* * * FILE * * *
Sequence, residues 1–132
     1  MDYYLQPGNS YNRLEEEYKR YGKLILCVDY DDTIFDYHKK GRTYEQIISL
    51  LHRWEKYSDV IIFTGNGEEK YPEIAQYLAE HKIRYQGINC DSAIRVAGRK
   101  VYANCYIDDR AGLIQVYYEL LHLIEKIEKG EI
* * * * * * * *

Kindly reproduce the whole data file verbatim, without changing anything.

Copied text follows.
Sequence, residues 1–132
     1  MDYYLQPGNS YNRLEEEYKR YGKLILCVDY DDTIFDYHKK GRTYEQIISL
    51  LHRWEKYSDV IIFTGNGEEK YPEIAQYLAE HKIRYQGINC DSAIRVAGRK
   101  VYANCYIDDR AGLIQVYYEL LHLIEKIEKG EI